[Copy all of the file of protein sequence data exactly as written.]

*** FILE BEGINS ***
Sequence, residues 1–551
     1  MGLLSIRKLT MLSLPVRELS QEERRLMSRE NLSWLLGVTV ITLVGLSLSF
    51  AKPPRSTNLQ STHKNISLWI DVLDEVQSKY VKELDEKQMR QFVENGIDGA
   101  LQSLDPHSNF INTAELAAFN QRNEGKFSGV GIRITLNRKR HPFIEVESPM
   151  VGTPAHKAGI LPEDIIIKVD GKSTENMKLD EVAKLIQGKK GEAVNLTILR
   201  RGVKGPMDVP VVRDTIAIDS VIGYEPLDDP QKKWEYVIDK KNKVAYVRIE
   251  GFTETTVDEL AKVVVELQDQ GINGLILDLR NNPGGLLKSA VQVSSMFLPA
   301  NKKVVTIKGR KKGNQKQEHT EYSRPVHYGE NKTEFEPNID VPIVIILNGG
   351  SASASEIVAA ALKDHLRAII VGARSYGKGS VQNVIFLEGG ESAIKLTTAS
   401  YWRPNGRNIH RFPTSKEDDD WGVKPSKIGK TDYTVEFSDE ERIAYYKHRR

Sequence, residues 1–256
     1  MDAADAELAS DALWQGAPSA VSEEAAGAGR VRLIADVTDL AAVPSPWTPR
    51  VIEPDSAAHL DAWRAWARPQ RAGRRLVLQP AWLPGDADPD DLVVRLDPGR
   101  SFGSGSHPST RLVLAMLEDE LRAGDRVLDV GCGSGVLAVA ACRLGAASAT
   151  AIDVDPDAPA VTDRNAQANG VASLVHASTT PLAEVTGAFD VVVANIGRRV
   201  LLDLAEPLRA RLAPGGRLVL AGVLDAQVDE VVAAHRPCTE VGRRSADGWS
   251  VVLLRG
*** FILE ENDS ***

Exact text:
Sequence, residues 1–551
     1  MGLLSIRKLT MLSLPVRELS QEERRLMSRE NLSWLLGVTV ITLVGLSLSF
    51  AKPPRSTNLQ STHKNISLWI DVLDEVQSKY VKELDEKQMR QFVENGIDGA
   101  LQSLDPHSNF INTAELAAFN QRNEGKFSGV GIRITLNRKR HPFIEVESPM
   151  VGTPAHKAGI LPEDIIIKVD GKSTENMKLD EVAKLIQGKK GEAVNLTILR
   201  RGVKGPMDVP VVRDTIAIDS VIGYEPLDDP QKKWEYVIDK KNKVAYVRIE
   251  GFTETTVDEL AKVVVELQDQ GINGLILDLR NNPGGLLKSA VQVSSMFLPA
   301  NKKVVTIKGR KKGNQKQEHT EYSRPVHYGE NKTEFEPNID VPIVIILNGG
   351  SASASEIVAA ALKDHLRAII VGARSYGKGS VQNVIFLEGG ESAIKLTTAS
   401  YWRPNGRNIH RFPTSKEDDD WGVKPSKIGK TDYTVEFSDE ERIAYYKHRR

Sequence, residues 1–256
     1  MDAADAELAS DALWQGAPSA VSEEAAGAGR VRLIADVTDL AAVPSPWTPR
    51  VIEPDSAAHL DAWRAWARPQ RAGRRLVLQP AWLPGDADPD DLVVRLDPGR
   101  SFGSGSHPST RLVLAMLEDE LRAGDRVLDV GCGSGVLAVA ACRLGAASAT
   151  AIDVDPDAPA VTDRNAQANG VASLVHASTT PLAEVTGAFD VVVANIGRRV
   201  LLDLAEPLRA RLAPGGRLVL AGVLDAQVDE VVAAHRPCTE VGRRSADGWS
   251  VVLLRG